• Ilambiquated says:

              I think it is a bit of a mistake to argue too energetically about the which promising technology is likely to replace oil burning.

              If the decision is made that we need to move along , the best bet would be just to tax the hell out of it and see what happens. It can be done in a way that is neutral to any economic parameter that you are worried about. If the decision is a good one (the idea of an imminent peak supports it) then the sooner the better.

              High prices encourage savings but also premature production of marginal resources. Low prices encourage waste. Neither is really satisfactory. high taxes encourage savings without encouraging marginal production.

              What solutions are found would then be determined by the market. Conservation is the cheapest.

              • Nick G says:

                I agree with all that.

                That said, I think our alternatives are reasonably clear: biofuels are fine but not scalable, and H2 isn’t good for transport (though it may be good for central seasonal utility backup).

                EVs are our main ticket.

                • Patrick R says:

                  Yeah EVs, but also and even more economically simply organising your life, and in particular where you live, so driving just becomes way less necessary. I’ve done this so effectively that I can’t justify buying any kind of new car on efficiency grounds. My old Volvo drinks fuel enthusiastically but because she’s now mostly parked I won’t save much even if I bought a full EV, so the capital cost just can’t be justified.
                  I am spending a little on bike maintenance and more on Transit, but it’s all cheaper than gas and much much more rewarding.
                  Additionally I now find I resent every wasted minute of my life sitting at traffic lights, looking for a park or stuck on the highway… On the bus or train I can check Ron’s site, and walking or riding I feel alive and engaged with the city.
                  Driving is for losers, it increasingly feels. Of course I still do it when it is the best option, but previously I did it unthinkingly for every journey. It took a change of mindset and some practical changes to alter this suburban bred boy’s habit of a lifetime (esp. Moving to a walkable, connected, and Transit richer, older more inner part of town). But the pay-off is great; it’s hugely liberating.

                  • Nick G says:

                    I agree – I’ve done the same thing. Life is better, and I rarely drive. Taking the electric train to work is a pleasure.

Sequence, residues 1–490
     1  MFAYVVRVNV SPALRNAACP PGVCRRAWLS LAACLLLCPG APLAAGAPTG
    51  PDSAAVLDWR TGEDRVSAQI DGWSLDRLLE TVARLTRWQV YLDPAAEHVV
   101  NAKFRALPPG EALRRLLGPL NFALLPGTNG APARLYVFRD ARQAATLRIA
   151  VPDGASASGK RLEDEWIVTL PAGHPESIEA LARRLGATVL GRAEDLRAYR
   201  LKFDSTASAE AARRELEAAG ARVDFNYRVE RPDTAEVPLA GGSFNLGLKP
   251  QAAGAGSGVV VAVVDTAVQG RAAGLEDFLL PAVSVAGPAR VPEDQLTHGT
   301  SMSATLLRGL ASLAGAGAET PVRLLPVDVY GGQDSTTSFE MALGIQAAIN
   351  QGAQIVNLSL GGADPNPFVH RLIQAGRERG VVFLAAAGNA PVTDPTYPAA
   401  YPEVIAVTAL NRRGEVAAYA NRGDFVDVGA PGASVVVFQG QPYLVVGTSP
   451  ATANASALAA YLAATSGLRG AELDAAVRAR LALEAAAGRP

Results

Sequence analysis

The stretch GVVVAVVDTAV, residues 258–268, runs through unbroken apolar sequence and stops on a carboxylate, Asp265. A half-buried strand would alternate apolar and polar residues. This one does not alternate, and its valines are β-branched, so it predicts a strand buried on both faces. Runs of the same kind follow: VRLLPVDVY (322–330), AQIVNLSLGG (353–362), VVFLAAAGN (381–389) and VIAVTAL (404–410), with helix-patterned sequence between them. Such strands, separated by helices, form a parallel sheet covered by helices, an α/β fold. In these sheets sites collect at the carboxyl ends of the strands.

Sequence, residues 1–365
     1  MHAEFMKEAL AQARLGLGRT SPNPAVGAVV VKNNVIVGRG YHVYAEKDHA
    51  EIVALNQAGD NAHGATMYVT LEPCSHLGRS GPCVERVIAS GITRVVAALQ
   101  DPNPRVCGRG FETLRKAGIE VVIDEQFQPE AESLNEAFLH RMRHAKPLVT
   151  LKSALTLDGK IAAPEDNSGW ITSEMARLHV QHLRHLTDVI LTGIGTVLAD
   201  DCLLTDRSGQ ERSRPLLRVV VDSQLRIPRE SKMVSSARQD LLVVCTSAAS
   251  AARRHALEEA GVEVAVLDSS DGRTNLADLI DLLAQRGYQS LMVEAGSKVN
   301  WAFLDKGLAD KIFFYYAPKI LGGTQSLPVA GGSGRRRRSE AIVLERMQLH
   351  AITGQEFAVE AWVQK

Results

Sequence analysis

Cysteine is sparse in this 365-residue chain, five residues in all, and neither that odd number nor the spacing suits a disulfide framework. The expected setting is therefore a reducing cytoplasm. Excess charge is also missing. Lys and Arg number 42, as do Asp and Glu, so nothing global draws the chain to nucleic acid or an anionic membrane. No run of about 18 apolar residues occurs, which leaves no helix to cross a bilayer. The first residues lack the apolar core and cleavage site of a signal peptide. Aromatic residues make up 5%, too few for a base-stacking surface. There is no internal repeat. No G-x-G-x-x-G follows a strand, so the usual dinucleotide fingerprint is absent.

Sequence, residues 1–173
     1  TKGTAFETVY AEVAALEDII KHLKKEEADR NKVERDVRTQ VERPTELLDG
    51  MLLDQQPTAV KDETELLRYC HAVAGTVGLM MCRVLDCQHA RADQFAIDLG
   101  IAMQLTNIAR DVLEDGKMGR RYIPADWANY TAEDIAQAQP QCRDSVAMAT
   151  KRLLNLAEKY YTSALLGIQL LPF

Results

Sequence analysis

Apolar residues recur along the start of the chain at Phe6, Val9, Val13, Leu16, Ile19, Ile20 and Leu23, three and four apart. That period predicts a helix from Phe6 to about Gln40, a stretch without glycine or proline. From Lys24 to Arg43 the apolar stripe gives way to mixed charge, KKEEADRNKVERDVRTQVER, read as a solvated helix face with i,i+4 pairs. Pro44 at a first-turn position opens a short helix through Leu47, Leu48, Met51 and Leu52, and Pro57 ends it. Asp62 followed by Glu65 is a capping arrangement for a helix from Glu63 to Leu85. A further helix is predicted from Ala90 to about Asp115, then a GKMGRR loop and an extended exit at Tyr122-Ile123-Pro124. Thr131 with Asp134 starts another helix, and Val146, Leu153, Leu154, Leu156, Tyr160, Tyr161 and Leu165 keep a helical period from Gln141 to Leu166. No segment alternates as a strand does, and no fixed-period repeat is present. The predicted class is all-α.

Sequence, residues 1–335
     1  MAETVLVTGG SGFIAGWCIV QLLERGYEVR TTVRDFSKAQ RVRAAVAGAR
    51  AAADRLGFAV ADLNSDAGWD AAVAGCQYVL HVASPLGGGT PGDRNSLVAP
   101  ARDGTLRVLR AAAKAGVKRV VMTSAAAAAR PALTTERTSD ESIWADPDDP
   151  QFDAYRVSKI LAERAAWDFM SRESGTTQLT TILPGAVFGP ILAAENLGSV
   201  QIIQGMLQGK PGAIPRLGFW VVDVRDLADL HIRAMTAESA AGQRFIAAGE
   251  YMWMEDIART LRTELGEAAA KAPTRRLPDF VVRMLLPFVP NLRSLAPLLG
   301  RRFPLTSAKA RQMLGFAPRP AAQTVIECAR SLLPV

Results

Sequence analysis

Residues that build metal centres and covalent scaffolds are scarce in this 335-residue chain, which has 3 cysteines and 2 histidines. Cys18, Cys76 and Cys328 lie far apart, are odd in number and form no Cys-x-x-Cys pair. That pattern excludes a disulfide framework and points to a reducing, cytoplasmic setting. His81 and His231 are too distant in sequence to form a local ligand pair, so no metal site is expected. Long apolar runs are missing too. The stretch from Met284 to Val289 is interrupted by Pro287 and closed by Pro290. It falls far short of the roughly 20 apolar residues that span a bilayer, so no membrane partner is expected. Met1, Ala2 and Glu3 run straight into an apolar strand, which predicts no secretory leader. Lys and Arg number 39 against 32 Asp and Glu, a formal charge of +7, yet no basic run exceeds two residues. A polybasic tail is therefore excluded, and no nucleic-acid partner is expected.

But…I can’t argue that it’s cheaper. Dense urban living also involves housing that is far more expensive per square foot.

                  • Boomer II says:

                    Yeah EVs, but also and even more economically simply organising your life, and in particular where you live, so driving just becomes way less necessary. I’ve done this so effectively that I can’t justify buying any kind of new car on efficiency grounds.

                    Same here. I have an older car, but I mostly just leave it parked and walk everywhere I need to go. I figured a old car not driven was still cheaper than a newer car not driven.

                  • Patrick R says:

                    Nick but by spending more on property and less on cars and fuel at least your wealth is going into an asset not simply a depreciating machine and running costs. Of course how that works out depends on where you are, what price you entered and all the usual variables…. And while cities like mine may well prove to be currently running up a property bubble certain functions of property have solid and enduring value that will remain proportional: Locational ones in particular, the power of proximity. Ex-urban residential property lost value most in the previous burst. And those conditions are likely to hold in the future; ie high oil and therefore transport costs.

                  • Raja Bob says:

                    Likewise. My 20 year old car is mostly parked. I typically ride my bike, which I will electrify soon. That will extend my car free range considerably.

                    But, professionally, there are times when I simply must drive, and for those times, I am going to buy an Nissan LEAF when my existing car finally dies. They are pretty cheap on the used car market, and the lease price on a new one is only $200./month.

                    I will concurrently buy the solar PV to ‘fuel’ it. For my needs, that will be 1kW capacity, but I’ll install 2kW so I’m not burning coal to chill my beer any more.